Many World Equity Markets Droop in April

May 11, 2004 ( - The S&P/Citigroup Broad Market Index (BMI) Global Composite dropped 2.63% in April, as the prospect of higher interest rates pushed many stock markets lower.

An S&P news release said April’s performance continues March’s descent for the BMI Global Composite, which measures over 7,500 stocks across 52 countries covering 97% of global market capitalization.

“A sharp increase in violence in Iraq, coupled with the prospect of higher lending rates this year, pushed many global stock markets lower in April,” Patrick Kerr, Associate Director, Standard & Poor’s, said in a news release. “Much of the decline was due to the rebounding U.S. dollar, however, which rose after a string of reports reflected continued momentum in the U.S. economy, suggesting higher lending rates are likely.”

Indicators of a strengthening U.S. economy bolstered the dollar against most major world currencies in April, curbing returns for dollar-denominated investors, S&P said. The S&P/Citigroup BMI Global Composite posted its weakest monthly performance in U.S. dollar terms since January 2003, but in local currency terms the selling pressure appeared much less pronounced. In local terms, the BMI Global ticked down by just 0.96%, less than the decline in September 2003, which was at the time accompanied by a weaker dollar that increased returns for dollar-denominated investors.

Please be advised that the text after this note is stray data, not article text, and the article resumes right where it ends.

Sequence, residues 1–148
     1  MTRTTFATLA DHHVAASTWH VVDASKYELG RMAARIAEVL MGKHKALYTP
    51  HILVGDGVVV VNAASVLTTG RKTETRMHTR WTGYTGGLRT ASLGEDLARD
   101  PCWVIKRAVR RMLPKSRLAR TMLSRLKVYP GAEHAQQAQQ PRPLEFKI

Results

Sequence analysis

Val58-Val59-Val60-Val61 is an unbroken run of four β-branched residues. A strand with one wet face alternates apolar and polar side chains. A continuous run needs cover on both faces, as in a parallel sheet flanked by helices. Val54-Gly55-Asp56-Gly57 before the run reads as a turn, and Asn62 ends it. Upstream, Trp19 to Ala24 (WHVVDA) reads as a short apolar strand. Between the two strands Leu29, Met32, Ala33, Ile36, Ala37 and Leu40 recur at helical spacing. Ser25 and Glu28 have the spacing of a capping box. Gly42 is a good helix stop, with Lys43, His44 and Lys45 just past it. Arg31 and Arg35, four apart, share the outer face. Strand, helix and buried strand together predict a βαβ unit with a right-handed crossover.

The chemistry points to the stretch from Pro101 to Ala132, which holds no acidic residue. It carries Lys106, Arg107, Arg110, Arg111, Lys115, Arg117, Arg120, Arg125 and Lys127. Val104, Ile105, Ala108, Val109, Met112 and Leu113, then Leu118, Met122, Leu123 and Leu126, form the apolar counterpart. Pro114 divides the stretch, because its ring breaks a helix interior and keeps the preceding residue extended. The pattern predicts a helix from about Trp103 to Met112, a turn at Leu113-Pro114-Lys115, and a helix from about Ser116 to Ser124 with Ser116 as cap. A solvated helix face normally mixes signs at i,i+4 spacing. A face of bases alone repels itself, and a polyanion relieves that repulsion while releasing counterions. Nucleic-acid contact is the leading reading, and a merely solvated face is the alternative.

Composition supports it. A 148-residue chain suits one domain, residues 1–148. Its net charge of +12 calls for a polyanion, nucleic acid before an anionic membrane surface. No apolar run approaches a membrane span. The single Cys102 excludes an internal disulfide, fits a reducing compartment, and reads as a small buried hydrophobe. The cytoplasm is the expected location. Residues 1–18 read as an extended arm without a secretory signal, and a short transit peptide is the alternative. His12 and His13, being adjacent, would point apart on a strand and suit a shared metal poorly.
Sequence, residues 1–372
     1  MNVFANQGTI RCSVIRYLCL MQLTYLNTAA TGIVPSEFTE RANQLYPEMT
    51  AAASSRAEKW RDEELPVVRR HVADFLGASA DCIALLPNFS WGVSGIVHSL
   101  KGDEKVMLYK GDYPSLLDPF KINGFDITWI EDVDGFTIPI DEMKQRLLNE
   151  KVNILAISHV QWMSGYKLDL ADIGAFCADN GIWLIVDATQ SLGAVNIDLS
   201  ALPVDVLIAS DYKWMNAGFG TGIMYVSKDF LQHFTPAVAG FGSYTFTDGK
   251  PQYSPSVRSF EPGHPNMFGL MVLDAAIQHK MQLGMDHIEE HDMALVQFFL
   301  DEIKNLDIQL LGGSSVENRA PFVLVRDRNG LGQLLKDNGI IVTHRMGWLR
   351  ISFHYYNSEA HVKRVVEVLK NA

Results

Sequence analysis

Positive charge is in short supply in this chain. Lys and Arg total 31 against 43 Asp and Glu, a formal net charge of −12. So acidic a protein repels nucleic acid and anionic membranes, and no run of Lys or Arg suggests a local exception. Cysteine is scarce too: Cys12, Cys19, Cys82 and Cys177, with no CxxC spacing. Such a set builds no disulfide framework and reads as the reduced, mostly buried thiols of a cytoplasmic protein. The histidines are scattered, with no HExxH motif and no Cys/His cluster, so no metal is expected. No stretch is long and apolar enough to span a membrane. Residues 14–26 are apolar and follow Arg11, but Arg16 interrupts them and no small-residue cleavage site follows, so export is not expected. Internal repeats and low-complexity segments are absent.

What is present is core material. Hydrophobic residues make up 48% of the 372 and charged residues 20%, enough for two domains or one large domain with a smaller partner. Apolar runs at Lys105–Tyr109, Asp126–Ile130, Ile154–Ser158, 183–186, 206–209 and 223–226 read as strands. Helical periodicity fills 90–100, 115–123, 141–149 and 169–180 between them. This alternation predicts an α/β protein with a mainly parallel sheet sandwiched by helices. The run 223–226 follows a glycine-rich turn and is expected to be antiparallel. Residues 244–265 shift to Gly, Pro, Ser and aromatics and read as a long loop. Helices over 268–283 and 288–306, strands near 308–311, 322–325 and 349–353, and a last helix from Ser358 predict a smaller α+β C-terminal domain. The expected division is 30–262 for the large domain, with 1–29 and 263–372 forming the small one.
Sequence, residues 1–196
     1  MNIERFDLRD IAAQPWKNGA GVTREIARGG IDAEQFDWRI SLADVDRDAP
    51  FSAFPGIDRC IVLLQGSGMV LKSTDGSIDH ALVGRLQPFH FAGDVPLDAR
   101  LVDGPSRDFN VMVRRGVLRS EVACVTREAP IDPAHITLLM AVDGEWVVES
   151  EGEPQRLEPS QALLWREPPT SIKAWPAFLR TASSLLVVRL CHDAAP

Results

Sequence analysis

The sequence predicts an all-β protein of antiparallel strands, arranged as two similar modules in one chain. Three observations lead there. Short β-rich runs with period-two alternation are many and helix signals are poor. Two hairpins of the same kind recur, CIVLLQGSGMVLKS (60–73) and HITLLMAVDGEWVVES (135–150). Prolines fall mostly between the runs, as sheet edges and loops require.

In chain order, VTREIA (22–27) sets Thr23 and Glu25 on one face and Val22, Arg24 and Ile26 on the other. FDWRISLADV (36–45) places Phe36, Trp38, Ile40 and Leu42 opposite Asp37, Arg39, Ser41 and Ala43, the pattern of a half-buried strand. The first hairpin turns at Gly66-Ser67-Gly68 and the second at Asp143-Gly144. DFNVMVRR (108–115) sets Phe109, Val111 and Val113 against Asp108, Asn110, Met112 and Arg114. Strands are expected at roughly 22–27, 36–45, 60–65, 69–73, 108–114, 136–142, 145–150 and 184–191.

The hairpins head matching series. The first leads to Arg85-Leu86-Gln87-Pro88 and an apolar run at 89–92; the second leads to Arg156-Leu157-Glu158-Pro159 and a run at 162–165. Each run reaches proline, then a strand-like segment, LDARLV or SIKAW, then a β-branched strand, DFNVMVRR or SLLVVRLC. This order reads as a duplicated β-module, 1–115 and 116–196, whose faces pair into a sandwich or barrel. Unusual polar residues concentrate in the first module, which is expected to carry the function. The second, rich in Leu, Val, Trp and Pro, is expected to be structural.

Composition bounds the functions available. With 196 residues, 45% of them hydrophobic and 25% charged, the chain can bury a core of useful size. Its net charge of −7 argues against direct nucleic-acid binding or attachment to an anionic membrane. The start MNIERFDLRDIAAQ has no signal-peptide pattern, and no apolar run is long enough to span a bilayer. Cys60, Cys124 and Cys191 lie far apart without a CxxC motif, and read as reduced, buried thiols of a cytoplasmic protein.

For the first time since last fall, value stocks lagged growth stocks, although both groups fell.   The BMI Developed World Value dropped 2.8%, while the BMI Developed World Growth decreased 1.9%, each in U.S. dollar terms.   Outside the U.S., however, the style gap was much narrower.   The BMI World ex-U.S. Value fell 2.73%, while the BMI World ex-U.S. Growth dropped 2.57%. 

April also saw the conclusion of 12 straight monthly gains for the BMI Emerging Composite, which tumbled 7.9%, with the 13.95% plunge for the BMI Emerging Europe worst among all major global regions. The BMI Latin America and the BMI Mid-East & Africa posted respective declines of 9.57% and 9.42%, and the BMI Emerging Asia-Pacific gave back 5.48%.

Small-cap stocks fell for the first time since February 2003 as the Extended Market Index (EMI) Developed World fell 3.88% in U.S. dollar terms, finally ending the string of monthly gains for small-cap stocks worldwide.   Large-caps pulled ahead for just the third month since January 2003, with the Primary Market Index (PMI) Developed World weaker by 1.92% in April.   Declines were steeper but more evenly distributed in the Emerging Markets, with the EMI falling 7.6%, versus a 7.99% drop for the PMI. 

The full monthly report, The World By Numbers: Global Stock Market Review is available at .